Canadian company fined $15 million for subscription trap scam

News release

Company pleaded guilty to operating a deceptive trial offer scheme

January 28, 2021 - GATINEAU, QC - Competition Bureau

A Canadian company doing business as Revive You Media (1806369 Alberta Limited) pleaded guilty today in the Provincial Court of Ontario for promoting deceptive free trial offers for health and dietary supplements that trapped consumers into monthly subscriptions.

The company was fined $15 million and is also subject to a ten-year court order prohibiting it from any direct or indirect involvement in promoting deceptive trial offers. Potential penalties for breaking the order include a fine at the court’s discretion or up to 5 years in prison.

A Competition Bureau investigation concluded that Revive You Media operated a subscription trap scam. The Bureau found that the company provided a false impression on its websites that consumers were ordering free trials without any further obligations. In fact, the company was signing up consumers for subscriptions with more than $100 in monthly fees.

The company used claims such as “risk-free trial” and “just pay a small shipping fee” to mislead consumers. The real cost and nature of the offers were not disclosed on the company’s websites in a way that was clear and apparent for consumers.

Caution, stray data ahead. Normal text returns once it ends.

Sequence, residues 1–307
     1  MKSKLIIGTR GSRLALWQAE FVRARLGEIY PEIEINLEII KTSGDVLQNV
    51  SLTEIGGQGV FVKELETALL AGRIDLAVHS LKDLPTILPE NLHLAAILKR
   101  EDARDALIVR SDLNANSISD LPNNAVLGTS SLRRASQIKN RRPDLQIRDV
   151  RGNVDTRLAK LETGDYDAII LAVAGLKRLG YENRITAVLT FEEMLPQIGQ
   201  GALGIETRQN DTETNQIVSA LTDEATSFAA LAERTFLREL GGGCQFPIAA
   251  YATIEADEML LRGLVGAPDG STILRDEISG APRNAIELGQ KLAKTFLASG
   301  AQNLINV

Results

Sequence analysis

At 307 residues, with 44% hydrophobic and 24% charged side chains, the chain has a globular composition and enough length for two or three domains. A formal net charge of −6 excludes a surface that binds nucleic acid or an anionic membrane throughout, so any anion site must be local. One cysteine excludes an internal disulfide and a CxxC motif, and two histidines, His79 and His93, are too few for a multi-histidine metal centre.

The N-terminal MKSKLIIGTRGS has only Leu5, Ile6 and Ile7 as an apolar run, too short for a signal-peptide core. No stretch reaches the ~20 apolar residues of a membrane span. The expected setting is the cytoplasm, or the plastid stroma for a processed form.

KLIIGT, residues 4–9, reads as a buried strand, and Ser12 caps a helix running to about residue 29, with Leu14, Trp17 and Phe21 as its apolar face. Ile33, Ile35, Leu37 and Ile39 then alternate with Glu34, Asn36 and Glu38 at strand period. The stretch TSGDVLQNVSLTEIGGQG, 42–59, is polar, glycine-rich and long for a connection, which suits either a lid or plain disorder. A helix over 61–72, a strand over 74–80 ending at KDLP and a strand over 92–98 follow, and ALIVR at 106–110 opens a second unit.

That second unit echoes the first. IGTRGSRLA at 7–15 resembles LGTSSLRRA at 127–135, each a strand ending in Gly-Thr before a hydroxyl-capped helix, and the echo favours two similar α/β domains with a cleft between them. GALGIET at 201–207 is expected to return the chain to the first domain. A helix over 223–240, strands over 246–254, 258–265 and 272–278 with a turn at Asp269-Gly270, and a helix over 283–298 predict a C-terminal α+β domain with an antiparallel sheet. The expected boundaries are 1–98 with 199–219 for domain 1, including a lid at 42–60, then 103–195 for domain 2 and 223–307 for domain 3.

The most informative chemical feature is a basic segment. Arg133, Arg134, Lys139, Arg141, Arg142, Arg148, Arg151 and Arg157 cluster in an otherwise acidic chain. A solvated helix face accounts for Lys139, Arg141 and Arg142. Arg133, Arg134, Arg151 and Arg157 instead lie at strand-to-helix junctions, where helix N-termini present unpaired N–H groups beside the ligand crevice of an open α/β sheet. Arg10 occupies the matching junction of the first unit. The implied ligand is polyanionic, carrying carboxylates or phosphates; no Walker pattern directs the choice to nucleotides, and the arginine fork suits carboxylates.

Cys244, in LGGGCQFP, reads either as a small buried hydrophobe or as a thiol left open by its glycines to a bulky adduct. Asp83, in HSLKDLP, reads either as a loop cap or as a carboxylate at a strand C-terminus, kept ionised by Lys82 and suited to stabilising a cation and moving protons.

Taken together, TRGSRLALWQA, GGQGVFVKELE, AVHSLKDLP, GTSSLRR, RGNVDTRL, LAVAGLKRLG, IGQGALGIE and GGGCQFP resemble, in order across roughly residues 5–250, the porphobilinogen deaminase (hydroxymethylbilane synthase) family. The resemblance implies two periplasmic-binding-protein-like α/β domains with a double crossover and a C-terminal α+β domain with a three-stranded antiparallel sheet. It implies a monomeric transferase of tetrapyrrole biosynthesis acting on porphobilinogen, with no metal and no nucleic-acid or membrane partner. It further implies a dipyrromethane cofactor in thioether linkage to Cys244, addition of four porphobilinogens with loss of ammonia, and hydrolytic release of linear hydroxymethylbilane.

The Competition Act forbids companies and individuals from making false or misleading claims to promote a product, service or business interest. 


“The Competition Bureau is determined to crack down on those who use deceptive marketing to steal Canadians’ hard-earned money. With the  recent surge in online shopping, I would like to remind Canadians to be on the lookout for deceptive marketing and strongly encourage anyone who suspects wrongdoing to report it to the Bureau.”

Matthew Boswell,
Commissioner of Competition

Quick facts

  • The Bureau’s investigation focused on the company’s websites that promoted health and dietary supplements, including Supreme Garcinia Cambogia and Pure Slim Cleanse.

  • The company offered partial refunds to consumers who complained, and full refunds to those who threatened to contact law enforcement.

  • Court orders under the deceptive marketing practices provisions of the Competition Act are for a maximum of 10 years.

  • The Competition Bureau issued a consumer alert in March 2020 to help Canadians protect themselves against subscription traps.

  • We encourage anyone who suspects deceptive or anti-competitive activities to file a complaint with the Bureau by using our online form.

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